It's not so much that faculty here at NYU (myself included) are simply angry -- although, yes, it has now gotten to that point, given just how tone-deaf and unresponsive our trustees have been to the faculty's concerns long before the very first (of now many and still more to come) Votes of No Confidence was passed this year. (Beckman's typically snide quote, stupidly quibbling with numbers is entirely symptomatic of this dismissiveness.) Rather, it is that we, the teachers and mentors directly responsible for our student's intellectual experience and growth during the formative time they enter our care, are CONCERNED and alarmed in the extreme about the direction that Pres. Sexton and the trustees are taking NYU the University, as we see it turn before our eyes into NYU the Real Estate Tycoon and Bottomless Bank to Wealthy Cronies (remember Jack Lew, everyone?). While the top brass and their friends shamelessly return time and time again to the trough, the financial burden of growing and growing and growing the university's footprint (and brand) both here and abroad is being shouldered by those NOT mentioned in this article ... but in many others, including Mr. Pinto's superb cover-piece "Planet NYU" on Feb. 20th. And that's the students and their families, stretched financially to snapping point.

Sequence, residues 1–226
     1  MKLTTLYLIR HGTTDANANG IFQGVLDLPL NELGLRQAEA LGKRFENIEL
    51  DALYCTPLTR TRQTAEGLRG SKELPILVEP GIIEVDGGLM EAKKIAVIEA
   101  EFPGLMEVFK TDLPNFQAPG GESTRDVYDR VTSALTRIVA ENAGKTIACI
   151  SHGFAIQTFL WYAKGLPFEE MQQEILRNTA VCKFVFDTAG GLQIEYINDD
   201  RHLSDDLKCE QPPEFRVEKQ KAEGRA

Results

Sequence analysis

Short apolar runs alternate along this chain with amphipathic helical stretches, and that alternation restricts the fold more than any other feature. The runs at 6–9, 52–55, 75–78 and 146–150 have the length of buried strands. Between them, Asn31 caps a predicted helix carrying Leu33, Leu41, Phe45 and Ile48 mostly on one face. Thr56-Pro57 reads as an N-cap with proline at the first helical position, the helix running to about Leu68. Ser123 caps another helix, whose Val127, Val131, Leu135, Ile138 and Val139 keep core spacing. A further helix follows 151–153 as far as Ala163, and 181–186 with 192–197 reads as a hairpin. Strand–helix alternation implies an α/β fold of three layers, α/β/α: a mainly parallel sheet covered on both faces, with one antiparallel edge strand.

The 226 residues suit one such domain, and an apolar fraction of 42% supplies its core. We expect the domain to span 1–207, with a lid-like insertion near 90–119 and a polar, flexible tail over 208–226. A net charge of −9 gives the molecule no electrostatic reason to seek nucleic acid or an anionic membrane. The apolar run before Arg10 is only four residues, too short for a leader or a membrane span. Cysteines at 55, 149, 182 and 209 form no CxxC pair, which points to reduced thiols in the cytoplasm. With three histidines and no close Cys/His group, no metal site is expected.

About two years ago, at Alumni Day, NYU President John Sexton told an audience of alumni and guests assembled at the Skirball Center, “NYU isn’t for everyone.” This was said in response to a question by an alumnus regarding NYU’s climbing tuition and living costs. Little did Mr. Sexton realize how right he was. NYU sure isn’t for everyone, as so many of our student's plights (the worst being the crushing amount of loan debt that they'll still be paying off when they're having kids of their own) makes all too painfully clear. Under the current administration’s watch, NYU is no longer just tuition dependent. It has become debt dependent. With student debt now climbing beyond $1 trillion and outstripping credit card, the debt bubble is on the verge of bursting. What will become of our university when it does? Jack Lew and Mr. Sexton, he of the $1.4 million/yr salary (not including a golden parachute of his own) won't have to worry. It's the students who bear the brunt. And the cost is unconscionable -- a disgrace to anyone other than our hermetically-isolated, trustees, as well-connected and rich as they are deaf and blind to the growing fiscal and academic crisis -- and the crisis of confidence in leadership -- swelling all around them in plain sight.